Remarks by Ambassador Susan E. Rice, U.S. Permanent Representative To the United Nations, On Receiving a Women of Power Award From the National Urban League At its Centennial Conference, Walter E. Washington Convention Center
Thank you. Michelle Miller, thank you so much for that warm introduction.
I’m delighted to be here with you all today. It’s an honor to receive this award from such a tremendous organization, and it’s a particular honor to get it in your hundredth year. I’m glad to be in such good company with all these other powerful women, including Secretary Solis and all my fellow honorees.
I want to thank, so much, Marc Morial and all of the National Urban League’s leadership and staff. But I also want to thank all of you—everyone who has worked so hard and so well to make the National Urban League a great American institution. Ever since 1910, this organization has been at the vanguard of the civil rights movement. You’ve pressed our country to live up to its founding ideals. You’ve refused to back off, to be quiet, to live with inequalities that rip our social fabric and tear our hearts. You’ve pressed us all to do better, to secure the full blessings of liberty, and to fulfill America’s founding promise of equality. And in doing so, you’ve helped to heal our cities, make our union more perfect, and give hope to children living in conditions that the world’s most prosperous nation should never tolerate. Thank you so much for all you do.
You’ve heard during this conference from several of my Cabinet colleagues and of course from the President of the United States. We’ve been working together to restore American leadership in the world, including at the United Nations, and to strengthen American security in our increasingly interconnected world. We face a broad, complex array of security challenges, including a new generation of transnational threats that pay no heed to borders: terrorism, nuclear proliferation, pandemic disease, climate change, genocide, and more. These are global challenges to which we must forge global responses. So just as America helped determine the course of the 20th century, we are now building the sources of American strength and influence to shape an international order that can overcome the challenges of the 21st
At the center of our efforts is a commitment to renew our economy, which serves as the wellspring of American power. So we have also laid what the President calls “a New Foundation” for recovery and prosperity. This means working with small and minority businesses so they can participate fully in our economic recovery. It means the historic Affordable Care Act, which makes health care far more accessible to millions of previously uninsured people and contains important provisions to help our communities most in need. It means, as the President said here Thursday, giving the highest-quality education possible to all of our children—building better schools, recruiting quality teachers, demanding the highest standards, and embracing innovations that get results. It means working to ensure that neighborhoods remain intact and that foreclosure is an absolute last resort for financial institutions. And it means defending civil rights and civil liberties as we continue to remove barriers to hope and opportunity for all Americans.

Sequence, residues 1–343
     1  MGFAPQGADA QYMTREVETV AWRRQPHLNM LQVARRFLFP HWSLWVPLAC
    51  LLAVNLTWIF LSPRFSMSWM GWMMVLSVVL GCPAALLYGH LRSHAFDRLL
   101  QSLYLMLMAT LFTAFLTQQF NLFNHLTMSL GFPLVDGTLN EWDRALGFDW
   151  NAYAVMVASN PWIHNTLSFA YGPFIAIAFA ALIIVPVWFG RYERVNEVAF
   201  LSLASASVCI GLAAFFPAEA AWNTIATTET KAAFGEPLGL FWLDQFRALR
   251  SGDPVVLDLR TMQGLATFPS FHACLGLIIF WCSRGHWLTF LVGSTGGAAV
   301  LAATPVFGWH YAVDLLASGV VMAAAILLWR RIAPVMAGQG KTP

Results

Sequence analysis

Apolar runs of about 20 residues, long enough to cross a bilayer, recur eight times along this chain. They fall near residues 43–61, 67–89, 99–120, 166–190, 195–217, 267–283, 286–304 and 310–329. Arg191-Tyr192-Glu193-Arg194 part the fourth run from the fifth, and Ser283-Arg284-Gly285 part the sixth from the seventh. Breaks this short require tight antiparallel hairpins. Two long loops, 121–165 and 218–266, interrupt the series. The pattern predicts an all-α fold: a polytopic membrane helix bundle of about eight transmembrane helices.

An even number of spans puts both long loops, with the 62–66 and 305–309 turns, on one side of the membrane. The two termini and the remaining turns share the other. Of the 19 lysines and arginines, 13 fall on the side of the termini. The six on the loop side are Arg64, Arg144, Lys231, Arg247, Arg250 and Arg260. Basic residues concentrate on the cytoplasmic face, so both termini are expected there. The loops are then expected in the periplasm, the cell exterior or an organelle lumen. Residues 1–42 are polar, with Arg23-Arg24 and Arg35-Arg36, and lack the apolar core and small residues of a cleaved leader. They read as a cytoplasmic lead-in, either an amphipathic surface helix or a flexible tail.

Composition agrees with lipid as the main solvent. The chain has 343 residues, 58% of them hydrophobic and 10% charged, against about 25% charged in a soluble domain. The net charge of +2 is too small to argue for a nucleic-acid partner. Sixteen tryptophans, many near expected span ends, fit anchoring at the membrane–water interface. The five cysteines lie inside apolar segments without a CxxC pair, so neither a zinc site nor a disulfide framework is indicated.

Within President Obama’s first 100 days, we passed the American Recovery and Reinvestment Act, which provided tax cuts to 95 percent of Americans, and extended support to those in the worst financial distress, and saved or created millions, millions
of jobs. After the irresponsible practices of Wall Street firms brought our economy to the brink of collapse, the new Wall Street Reform law puts in place the strongest consumer protections in our nation’s history and guards vulnerable communities from predatory lending practices. With these and many other crucial efforts, we are seeing real results on the road to full recovery—a recovery that brings all of us along. President Obama and his Administration refuse to stand by and watch a generation of wealth and gains for African Americans and other Americans get wiped out. That’s not what this country’s about. Let’s not allow anyone to pretend that it is.
We’re still driven by a shared belief that’s as old as our republic: the belief that all people have equal worth, equal consequence, and equal rights. You all know that we still have many miles to go to make that promise fully manifest. But the journey toward full equality is a vital part of the great American journey. Yes, we have still got a long way to go. But we’ve come a vast distance since this great organization was founded. And we will all travel even farther together during this organization’s next hundred years.
Congratulations, God bless you, and thank you so much for this honor.